The Battle of the River Plate (1956, UK, Powell & Pressburger)
The story of a single battle in the South Atlantic during the early days of World War 2. Watched it all. Powell & Pressburger made some of the best movies of the 1940s. After some excessively operatic movies in the 50s, it looks like they’re now back on earth, with a movie that builds up slowly like a symphony of naval warfare.
La Sorcière (1956, France)
A French engineer comes to work in a remote and backwards Swedish village, where he meets a beautiful witch, but before she can bewitch and seduce him, and condemn him to spend the rest of his life in a sinful orgy of earthly Swedish pleasures, the helpful villagers come to his rescue by lynching her. Phew! Watched: 2 minutes.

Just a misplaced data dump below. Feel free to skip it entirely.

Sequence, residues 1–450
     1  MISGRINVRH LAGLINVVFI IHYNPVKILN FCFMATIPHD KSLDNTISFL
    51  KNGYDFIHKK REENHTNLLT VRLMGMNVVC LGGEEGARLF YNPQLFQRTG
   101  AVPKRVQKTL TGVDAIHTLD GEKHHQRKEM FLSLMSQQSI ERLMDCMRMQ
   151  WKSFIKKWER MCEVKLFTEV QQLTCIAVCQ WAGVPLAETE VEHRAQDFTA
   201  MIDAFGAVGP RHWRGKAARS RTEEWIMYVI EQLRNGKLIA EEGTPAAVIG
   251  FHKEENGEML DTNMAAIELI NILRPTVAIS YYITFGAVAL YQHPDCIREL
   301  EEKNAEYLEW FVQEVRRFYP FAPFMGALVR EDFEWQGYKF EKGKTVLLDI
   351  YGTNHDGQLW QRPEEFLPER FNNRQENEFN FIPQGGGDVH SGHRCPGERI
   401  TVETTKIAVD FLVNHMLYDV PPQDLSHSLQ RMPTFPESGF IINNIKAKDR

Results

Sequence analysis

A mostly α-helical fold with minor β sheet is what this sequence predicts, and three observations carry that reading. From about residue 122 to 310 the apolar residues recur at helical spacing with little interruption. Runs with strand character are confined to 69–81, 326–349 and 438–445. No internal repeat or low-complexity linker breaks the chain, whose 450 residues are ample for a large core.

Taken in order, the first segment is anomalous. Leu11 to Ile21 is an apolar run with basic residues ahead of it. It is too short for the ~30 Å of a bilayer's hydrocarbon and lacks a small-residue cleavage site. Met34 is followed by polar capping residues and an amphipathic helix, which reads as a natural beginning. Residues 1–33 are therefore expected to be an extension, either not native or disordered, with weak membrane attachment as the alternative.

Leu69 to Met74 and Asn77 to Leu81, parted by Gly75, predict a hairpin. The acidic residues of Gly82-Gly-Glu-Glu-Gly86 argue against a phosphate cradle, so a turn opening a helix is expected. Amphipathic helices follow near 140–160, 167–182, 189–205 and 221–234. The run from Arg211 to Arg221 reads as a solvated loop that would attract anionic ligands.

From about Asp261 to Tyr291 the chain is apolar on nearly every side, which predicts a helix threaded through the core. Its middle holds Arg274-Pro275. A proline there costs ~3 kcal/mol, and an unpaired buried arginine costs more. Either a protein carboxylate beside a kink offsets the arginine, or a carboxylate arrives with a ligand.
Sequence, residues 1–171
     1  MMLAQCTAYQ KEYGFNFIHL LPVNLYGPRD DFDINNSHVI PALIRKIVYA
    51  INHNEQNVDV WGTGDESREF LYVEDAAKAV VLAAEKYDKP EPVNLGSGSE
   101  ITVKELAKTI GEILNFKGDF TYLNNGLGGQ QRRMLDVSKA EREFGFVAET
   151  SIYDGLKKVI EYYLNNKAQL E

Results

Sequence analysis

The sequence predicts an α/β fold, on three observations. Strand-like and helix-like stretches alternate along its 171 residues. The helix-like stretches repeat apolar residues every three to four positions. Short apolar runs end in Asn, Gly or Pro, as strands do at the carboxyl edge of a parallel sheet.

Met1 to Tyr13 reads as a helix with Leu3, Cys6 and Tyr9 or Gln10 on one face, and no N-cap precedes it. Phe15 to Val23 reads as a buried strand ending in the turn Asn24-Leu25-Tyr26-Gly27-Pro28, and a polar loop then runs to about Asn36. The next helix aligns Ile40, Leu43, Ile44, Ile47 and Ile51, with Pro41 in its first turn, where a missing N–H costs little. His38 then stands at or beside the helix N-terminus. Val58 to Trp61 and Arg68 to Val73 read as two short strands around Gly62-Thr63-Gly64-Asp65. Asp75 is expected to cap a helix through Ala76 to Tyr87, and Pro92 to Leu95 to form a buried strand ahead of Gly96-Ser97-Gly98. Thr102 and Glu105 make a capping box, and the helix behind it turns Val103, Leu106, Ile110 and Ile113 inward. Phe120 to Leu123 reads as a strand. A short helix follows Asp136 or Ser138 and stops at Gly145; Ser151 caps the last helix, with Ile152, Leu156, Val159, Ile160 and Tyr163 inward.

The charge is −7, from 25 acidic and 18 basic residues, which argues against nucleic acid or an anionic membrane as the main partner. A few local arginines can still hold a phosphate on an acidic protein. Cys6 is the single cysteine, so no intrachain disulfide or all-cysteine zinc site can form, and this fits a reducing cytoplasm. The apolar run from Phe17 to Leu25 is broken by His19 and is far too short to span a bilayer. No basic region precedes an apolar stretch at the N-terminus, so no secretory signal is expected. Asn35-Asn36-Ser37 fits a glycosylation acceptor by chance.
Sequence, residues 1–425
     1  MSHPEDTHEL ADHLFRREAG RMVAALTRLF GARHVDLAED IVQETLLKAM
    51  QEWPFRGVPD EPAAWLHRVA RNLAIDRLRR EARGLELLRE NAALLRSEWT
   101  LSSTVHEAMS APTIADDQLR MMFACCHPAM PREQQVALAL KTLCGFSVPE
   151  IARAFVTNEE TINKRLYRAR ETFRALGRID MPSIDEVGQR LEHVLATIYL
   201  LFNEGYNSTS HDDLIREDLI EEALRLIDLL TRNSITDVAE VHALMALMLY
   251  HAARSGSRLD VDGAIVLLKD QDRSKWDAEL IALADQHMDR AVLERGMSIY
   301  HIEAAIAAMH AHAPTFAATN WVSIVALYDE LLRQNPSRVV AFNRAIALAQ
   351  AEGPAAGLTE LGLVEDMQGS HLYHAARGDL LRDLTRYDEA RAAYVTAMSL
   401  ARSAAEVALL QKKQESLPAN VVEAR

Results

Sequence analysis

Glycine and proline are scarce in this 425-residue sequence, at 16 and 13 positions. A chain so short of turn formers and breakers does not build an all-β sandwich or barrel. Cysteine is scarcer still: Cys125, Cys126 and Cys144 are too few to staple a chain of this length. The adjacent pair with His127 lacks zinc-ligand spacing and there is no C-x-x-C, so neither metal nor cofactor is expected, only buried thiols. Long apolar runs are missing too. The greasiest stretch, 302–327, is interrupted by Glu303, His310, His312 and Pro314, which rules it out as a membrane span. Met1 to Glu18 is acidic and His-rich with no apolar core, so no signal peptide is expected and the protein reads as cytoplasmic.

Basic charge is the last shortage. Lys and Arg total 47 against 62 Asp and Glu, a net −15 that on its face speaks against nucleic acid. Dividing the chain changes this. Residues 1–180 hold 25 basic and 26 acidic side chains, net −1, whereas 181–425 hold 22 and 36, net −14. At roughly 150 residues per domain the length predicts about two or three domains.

Love Me Tender (1956, USA)
Watched: 2 minutes, and the music. Never mind the movie, which is just good enough, let’s talk about Elvis. Having fast-forwarded through more or less all the musical movies of the 40s and 50s, I can confirm that, although before Elvis there was something, he makes it all seem like nothing. You could say the same thing about rock’n roll in general, but with Elvis, there’s more. In the live clips of him I’ve seen from 1956, it’s like you’re watching a god of entertainment, descended down to earth to walk among mortals. All this is old news, but there is a difference between knowing something, and feeling it. Now I feel it.